Arizona House repeals near-total abortion ban; advocacy groups react

The Arizona state Capitol building in Phoenix, Arizona.
The Arizona state Capitol building in Phoenix, Arizona. | Screenshot: Google Maps

The Arizona House of Representatives passed a bill that would repeal the state's near-total resriction on abortion amid a divided government and an upcoming referendum that could establish a right to abortion in the state. 

The Republican-controlled Arizona House of Representatives approved House Bill 2677 in a 32-28 vote Wednesday. Three Republicans joined all Democrats to vote in favor of the measure, which would repeal the state's abortion ban upheld by the Arizona Supreme Court earlier this month if enacted.

The measure must still pass the Republican-controlled Arizona Senate before it can go to the desk of Democratic Gov. Katie Hobbs, who has described the bill as the "right thing" in a statement condemning the legislature's previous failures to repeal the legislation.

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If passed, the 15-week abortion restriction enacted in 2022 would replace the near-total abortion prohibition as the law of the land in Arizona. Voters in the state are slated to weigh in on a ballot measure that would establish a constitutional right to abortion if passed. 

Marjorie Dannenfelser, president of the national pro-life activist group Susan B. Anthony Pro-Life America, weighed in on the developments in Arizona in a statement Wednesday.

"We mourn for the loss of the children who would have been protected, and the mothers who would have received life-affirming help to address their holistic needs, under Arizona's strongest pro-life law," she said.

"After months of confusion, the people of Arizona will soon have clarity on the state's abortion laws: a 15-week abortion ban for the unborn who can feel excruciating pain, with exceptions for life of the mother, rape, and incest," Dannenfelser added. "Between now and November, the far Left and pro-abortion forces will spend tens of millions of dollars to muddy the waters, fearmonger, and sow confusion to advance an extreme abortion agenda."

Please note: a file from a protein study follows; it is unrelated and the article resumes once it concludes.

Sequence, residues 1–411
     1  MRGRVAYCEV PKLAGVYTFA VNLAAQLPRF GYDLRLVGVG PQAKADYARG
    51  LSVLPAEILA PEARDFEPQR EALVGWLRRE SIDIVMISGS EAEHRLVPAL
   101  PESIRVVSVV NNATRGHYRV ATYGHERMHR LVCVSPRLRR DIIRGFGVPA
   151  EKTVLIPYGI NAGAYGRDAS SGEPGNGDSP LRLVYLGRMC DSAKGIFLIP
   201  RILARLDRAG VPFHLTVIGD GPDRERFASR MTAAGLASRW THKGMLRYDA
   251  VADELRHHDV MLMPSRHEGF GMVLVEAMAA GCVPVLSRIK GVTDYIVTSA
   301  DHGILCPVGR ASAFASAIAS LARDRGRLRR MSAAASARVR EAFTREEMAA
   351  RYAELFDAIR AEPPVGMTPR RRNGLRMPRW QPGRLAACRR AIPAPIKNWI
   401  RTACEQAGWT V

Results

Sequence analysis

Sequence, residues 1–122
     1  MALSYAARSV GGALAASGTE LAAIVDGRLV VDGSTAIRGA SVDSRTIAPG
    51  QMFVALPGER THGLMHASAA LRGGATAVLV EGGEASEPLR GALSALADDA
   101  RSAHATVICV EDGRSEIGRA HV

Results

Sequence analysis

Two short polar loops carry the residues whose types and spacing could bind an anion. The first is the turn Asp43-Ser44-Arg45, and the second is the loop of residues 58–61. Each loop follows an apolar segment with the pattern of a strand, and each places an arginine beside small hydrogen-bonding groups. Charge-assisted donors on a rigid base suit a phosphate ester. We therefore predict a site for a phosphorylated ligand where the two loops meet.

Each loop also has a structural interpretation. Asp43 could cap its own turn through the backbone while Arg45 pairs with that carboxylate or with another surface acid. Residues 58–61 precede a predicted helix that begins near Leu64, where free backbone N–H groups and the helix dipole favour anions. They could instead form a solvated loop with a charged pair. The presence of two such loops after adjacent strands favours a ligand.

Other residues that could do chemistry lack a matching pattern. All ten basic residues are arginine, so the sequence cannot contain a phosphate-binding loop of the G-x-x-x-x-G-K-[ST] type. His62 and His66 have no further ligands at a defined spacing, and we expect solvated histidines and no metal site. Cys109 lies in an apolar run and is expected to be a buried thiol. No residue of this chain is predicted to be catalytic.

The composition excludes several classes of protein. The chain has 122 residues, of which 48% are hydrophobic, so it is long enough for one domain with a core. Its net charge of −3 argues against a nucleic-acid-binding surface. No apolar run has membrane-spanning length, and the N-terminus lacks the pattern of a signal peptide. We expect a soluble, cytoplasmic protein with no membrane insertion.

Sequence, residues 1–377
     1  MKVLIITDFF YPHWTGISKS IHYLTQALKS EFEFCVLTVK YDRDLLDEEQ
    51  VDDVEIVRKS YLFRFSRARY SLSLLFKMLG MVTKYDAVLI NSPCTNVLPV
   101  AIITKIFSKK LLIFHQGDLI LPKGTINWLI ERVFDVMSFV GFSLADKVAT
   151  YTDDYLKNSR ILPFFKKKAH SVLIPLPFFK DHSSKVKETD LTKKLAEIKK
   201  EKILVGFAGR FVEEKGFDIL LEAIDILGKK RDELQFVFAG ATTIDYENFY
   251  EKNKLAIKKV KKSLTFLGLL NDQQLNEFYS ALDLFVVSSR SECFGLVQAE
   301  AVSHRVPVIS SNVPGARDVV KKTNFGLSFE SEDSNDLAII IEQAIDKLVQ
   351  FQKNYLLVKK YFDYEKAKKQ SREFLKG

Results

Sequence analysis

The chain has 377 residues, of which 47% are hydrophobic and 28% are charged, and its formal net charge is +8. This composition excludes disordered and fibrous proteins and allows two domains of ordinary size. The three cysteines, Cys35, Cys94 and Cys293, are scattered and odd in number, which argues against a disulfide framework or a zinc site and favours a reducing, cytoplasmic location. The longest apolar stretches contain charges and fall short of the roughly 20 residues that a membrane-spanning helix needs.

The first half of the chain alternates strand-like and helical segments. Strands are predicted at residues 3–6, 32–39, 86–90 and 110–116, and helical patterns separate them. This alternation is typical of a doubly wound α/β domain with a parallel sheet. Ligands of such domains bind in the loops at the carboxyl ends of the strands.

"Their goal is to repeal Arizona's 15-week abortion law and replace it with a constitutional amendment that would allow unlimited painful late-term abortions in the fifth, sixth, seventh month of pregnancy and beyond," she added.

Dannenfelser called on Republican candidates at the state and federal level to campaign "vigorously in support of Arizona's 15-week protection with exceptions and in opposition to the extreme no-limits abortion amendment."  

The liberal legal group ACLU of Arizona said in a statement Wednesday that the repeal of the law "is long overdue."

"[W]e look forward to a full repeal that puts an end to this harmful and dangerous ban," the group stated. "Arizonans deserve to have access to the healthcare they need, when they need it."

ACLU of Arizona supports the effort to establish a constitutional right to abortion in Arizona. If approved by voters, Arizona will join four other states in passing a referendum to enshrine the right to abortion in the state constitution since the U.S. Supreme Court's 2022 Dobbs v. Jackson Women's Health Organization ruling determining that the U.S. Constitution does not contain a right to abortion.

Voters in California, Michigan and Vermont approved such measures in 2022, while Ohio followed suit last year. 

Following the Dobbs decision, several states implemented laws banning abortions in nearly all cases or restricting them to the earliest weeks of pregnancy.

Other states that prohibit abortions in almost all cases are Alabama, Arkansas, Idaho, Indiana, Kentucky, Louisiana, Mississippi, Missouri, North Dakota, Oklahoma, South Dakota, Tennessee, West Virginia and Wisconsin. Arizona had sought to enact its near-total ban on abortion, but court rulings prevented the state from doing so until earlier this month. 

Ryan Foley is a reporter for The Christian Post. He can be reached at:

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